In late 2007, a presidential hopeful from Illinois acquired some serious street cred.
Seemingly overnight, posters of the senator materialised in cities across the US. His face was rendered in red, white and blue, looking confidently beyond the confines of the picture to an imagined future. In its most widely distributed form, the image featured a single word in a no-nonsense typeface: “HOPE”.
The Obama “Hope” poster not only become synonymous with Barack Obama’s ultimately successful presidential campaign, it captured the mood of an era. A version has been acquired by The Smithsonian; The New Yorker described the art work as “the most efficacious American political illustration since ‘Uncle Sam Wants You’.”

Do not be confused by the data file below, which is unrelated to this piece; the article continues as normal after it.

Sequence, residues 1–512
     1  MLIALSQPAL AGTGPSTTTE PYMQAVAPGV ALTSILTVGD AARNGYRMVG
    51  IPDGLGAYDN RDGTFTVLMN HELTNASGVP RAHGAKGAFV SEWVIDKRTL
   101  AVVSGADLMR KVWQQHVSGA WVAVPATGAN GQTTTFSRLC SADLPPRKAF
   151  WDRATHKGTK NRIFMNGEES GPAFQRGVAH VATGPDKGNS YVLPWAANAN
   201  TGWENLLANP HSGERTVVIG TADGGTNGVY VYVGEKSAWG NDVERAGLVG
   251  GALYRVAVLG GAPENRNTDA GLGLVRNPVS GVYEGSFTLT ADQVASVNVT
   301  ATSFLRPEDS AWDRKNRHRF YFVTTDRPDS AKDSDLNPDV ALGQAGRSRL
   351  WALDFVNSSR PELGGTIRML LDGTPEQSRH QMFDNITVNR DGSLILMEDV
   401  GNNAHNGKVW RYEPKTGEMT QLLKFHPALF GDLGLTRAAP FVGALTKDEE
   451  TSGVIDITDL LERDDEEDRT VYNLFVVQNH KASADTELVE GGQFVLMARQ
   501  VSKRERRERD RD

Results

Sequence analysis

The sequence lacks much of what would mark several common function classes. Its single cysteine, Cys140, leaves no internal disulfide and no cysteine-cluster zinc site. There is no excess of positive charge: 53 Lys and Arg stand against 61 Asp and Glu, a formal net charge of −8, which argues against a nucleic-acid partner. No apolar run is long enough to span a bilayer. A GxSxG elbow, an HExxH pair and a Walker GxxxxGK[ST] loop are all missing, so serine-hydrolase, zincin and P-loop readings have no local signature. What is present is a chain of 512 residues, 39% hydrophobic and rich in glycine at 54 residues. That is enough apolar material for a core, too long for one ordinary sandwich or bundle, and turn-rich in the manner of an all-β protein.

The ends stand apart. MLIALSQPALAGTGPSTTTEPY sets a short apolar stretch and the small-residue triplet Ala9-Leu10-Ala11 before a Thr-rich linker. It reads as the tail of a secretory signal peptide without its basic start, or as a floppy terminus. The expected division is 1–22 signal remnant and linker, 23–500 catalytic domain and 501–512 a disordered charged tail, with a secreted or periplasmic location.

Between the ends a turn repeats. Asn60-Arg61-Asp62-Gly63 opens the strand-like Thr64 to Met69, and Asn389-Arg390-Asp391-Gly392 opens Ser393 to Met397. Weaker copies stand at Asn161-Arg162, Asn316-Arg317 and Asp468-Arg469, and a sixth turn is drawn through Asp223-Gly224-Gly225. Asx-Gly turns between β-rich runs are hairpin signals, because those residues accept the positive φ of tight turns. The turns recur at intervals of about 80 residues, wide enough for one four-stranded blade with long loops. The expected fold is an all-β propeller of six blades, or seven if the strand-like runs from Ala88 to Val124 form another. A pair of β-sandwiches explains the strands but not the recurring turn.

Shepard Fairey, the 47-year-old Los Angeles-based artist behind “Hope”, says it took about a day to knock up. “It’s not a particularly daring image,” he says, a trifle apologetically. The colours – red, white and blue, but not quite the red, white and blue of the flag – were carefully selected, though. “Like, hey, we’re behind this guy, we’re patriotic, but on our terms, you know – that’s kind of what I was going for,” he says. “The palette of the flag is just too loud and immediately suggests a pick-up truck with a gun rack.”
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